To the abortionist on NPR: Is this what the ‘mercy’ of abortion looks like?


A midwife who practices in western Massachusetts and also commits abortions has claimed that “mercy” is one reason why she ends the lives of preborn babies in the womb. In addition, she makes the horrible claim that aborting children who might have had to wait for adoptive families may have “prevented their sad circumstances from ever occurring.” The statements, made by abortionist Evelyn Resh to New England’s NPR Radio, went unchallenged. The publicly funded radio station described the abortion provider as “delivering many babies.” Despite the suggestion that killing adoptive children before birth was a better solution to being given a chance at life, the NPR affiliate gave no commentary, nor made any attempt to refute the abortionists words.

Like so many abortion industry workers, Resh tried to couch her complicity with ending the lives of preborn persons in the womb as “showing mercy” rather than as heartless, paid murder or genocide.

READ: 3 of the worst arguments in favor of abortion

“As a midwife, I have been educated to protect the unborn from harm. But protecting from harm can also include showing mercy,” she stated.

In her nearly three minutes of radio time, Resh left out the grueling way that abortion rips apart and/or poisons preborn children. She did not detail the numerous potential complications that abortion can inflict on the woman, because to Resh, “When it comes to abortions, my sanctity for life lands on the side of the pregnant women who come seeking my services.” And, unfortunately, far too many women pay dearly for those “services.”

Dr. Anthony Levatino, a former abortionist, explains the most common abortion procedure, the suction aspiration (D&C) abortion, usually done before 13 weeks of pregnancy. Women like Cree Erwin Sheppard, who had her abortion at Planned Parenthood, have died from legally obtained first trimester abortions:

Resh has imposed a warped definition of “mercy” upon preborn children who are given no voice in the decision about their own demise. To Resh and many others like her, mercy is not about real solutions that protect mother and baby, but the power to exterminate another person for whatever reasons the child’s “owner” pays her for.

In the interview, Resh acknowledged that the baby in the womb does, indeed, stop a beating heart:

I acknowledge that abortion, in the words of pro-life advocates, “stops a beating heart.” I especially struggle with the rightness of terminating a pregnancy when viewing second trimester ultrasounds of fetuses with clearly discernible bones and movement.

But my sadness towards the fetus pales in comparison to what I feel for any woman I care for who has decided to end her pregnancy.

From my vantage point, having an abortion is almost always the lesser of two evils, and often the only option that will allow her to continue to care for herself and children she already has.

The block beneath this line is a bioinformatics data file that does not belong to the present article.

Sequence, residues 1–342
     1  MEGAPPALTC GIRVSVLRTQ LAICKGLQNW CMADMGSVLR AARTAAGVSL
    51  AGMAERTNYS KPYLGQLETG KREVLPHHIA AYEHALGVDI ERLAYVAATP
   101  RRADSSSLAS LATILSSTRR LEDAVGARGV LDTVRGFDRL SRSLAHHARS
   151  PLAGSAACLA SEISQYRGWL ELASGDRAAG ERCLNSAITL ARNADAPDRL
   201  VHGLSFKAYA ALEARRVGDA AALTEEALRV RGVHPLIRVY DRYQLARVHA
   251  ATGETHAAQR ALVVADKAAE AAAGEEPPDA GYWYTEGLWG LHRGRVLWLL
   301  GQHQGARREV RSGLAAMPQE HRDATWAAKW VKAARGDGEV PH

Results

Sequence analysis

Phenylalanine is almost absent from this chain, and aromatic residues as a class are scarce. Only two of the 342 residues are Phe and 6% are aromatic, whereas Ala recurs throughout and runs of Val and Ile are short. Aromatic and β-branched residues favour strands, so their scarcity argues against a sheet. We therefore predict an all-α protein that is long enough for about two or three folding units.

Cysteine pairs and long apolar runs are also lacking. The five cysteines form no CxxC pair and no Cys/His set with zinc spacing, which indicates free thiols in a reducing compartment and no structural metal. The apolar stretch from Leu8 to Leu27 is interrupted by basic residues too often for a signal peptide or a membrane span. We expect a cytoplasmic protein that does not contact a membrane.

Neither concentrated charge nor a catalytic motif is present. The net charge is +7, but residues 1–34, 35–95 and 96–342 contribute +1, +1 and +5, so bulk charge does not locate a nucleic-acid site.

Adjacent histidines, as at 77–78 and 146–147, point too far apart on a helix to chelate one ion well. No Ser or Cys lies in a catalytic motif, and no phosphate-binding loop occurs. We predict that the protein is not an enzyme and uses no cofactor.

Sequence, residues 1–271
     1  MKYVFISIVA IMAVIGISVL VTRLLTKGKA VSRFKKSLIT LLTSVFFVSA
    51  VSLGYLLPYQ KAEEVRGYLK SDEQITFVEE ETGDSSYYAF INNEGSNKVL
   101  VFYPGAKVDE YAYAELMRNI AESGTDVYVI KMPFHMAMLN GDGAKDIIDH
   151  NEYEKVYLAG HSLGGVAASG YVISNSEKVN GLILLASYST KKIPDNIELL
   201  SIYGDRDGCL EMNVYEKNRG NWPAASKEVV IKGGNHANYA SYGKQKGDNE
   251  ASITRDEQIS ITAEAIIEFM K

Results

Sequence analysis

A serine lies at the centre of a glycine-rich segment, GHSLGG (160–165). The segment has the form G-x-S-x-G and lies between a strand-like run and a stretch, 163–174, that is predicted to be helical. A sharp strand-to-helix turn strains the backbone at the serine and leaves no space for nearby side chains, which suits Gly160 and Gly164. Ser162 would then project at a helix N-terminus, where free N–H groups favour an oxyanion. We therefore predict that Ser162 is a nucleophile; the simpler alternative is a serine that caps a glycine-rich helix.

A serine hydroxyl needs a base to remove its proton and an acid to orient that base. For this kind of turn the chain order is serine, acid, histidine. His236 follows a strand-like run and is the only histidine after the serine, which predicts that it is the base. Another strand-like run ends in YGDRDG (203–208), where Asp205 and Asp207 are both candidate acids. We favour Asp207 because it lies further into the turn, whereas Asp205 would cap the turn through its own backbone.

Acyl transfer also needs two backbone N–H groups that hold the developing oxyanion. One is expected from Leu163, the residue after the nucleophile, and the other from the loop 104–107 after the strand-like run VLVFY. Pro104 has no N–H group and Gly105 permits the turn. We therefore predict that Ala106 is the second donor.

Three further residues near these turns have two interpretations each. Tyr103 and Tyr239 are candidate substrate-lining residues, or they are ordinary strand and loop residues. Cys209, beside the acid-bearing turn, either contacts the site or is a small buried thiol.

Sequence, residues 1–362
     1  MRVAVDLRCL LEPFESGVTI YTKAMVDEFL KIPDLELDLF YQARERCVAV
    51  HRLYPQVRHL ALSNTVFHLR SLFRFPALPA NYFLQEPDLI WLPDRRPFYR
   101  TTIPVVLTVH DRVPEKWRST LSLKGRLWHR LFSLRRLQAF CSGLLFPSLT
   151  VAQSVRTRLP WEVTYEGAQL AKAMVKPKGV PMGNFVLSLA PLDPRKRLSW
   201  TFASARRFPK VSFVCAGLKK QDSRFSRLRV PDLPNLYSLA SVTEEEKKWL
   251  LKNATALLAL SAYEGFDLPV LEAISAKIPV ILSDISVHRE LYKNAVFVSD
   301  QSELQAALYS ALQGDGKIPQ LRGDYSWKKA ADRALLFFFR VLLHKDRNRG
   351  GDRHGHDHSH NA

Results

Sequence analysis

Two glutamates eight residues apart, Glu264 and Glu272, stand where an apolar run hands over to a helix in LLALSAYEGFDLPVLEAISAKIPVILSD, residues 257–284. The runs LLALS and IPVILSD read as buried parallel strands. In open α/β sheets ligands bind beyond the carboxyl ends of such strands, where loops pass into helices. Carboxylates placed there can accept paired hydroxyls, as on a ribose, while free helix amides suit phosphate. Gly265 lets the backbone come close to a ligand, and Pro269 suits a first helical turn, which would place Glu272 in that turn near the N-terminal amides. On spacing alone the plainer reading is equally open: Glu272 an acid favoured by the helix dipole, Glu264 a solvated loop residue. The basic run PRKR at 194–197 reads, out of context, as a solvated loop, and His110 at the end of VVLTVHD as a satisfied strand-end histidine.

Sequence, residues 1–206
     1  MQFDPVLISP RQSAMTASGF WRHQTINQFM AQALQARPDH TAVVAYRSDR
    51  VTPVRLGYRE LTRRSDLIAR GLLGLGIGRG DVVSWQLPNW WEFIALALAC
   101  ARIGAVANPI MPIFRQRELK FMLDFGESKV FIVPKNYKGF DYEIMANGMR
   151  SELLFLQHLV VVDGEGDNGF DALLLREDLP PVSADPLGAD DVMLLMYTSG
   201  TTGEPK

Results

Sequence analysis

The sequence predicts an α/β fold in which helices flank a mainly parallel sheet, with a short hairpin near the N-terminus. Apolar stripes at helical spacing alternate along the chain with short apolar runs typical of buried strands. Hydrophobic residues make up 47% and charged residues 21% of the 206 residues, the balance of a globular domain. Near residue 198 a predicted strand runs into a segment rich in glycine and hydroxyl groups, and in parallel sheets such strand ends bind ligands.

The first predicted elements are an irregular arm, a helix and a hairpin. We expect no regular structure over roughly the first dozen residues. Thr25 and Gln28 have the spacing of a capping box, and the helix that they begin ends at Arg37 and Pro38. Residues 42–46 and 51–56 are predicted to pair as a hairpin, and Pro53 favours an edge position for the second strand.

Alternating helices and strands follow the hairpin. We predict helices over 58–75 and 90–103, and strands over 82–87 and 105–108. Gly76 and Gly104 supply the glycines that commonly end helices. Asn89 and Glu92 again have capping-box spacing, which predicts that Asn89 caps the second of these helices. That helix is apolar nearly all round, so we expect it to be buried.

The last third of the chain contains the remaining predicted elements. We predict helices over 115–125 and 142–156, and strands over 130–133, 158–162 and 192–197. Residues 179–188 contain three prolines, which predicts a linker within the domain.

Abortion is not merciful. (

Resh, unlike many abortion advocates, acknowledges the humanity of the preborn child — but she glosses over it, reinforcing the idea that killing a child to allow a woman to live as she wishes is a better option than allowing that child to live.

Digging even deeper into the thoughts of this abortion midwife, Resh’s warped ideology is apparent. She acknowledges the “fierce attachment that forms immediately after birth between mother and newborn,” (apparently ignoring any attachment that forms before birth), bemoaning the idea of adoption. So, it seems, to Resh, the only two viable options are parenting… or death for the child. This idea that a child is better off dead than adopted or ‘unwanted’ by birth parents mirrors the same eugenics mentality of Planned Parenthood founder Margaret Sanger, who advocated the idea of requiring licenses for people who wish to become parents.

READ: Planned Parenthood’s ties to eugenics go far beyond Margaret Sanger

Resh dislikes adoption, possibly because many children enter the foster care system and are in need of placement as toddlers or older children. It is more merciful to end their lives before birth (when it is legal), according to Resh, as opposed to after birth (when it would be murder). “After years in temporary placement, these children, like rescue dogs, just want a loving and permanent home,” she said. “Perhaps abortion could have prevented their sad circumstances from ever occurring in the first place.”


Abortion is not merciful. (Foot of aborted baby at 21 weeks.)

Even if it is true that some children may await adoptive families for longer periods of time for various reasons, is death really the only solution abortion advocates can come up with? Even animal lovers push for “no kill” shelters to care for animals while they await their adoptive families. Are these animals more valuable than preborn human babies to Resh?

What this troubling commentary by Resh reveals is that each time we get a glimpse into the mind of those who commit abortions, we see that compassion and mercy are far from the reality of what abortion is all about.

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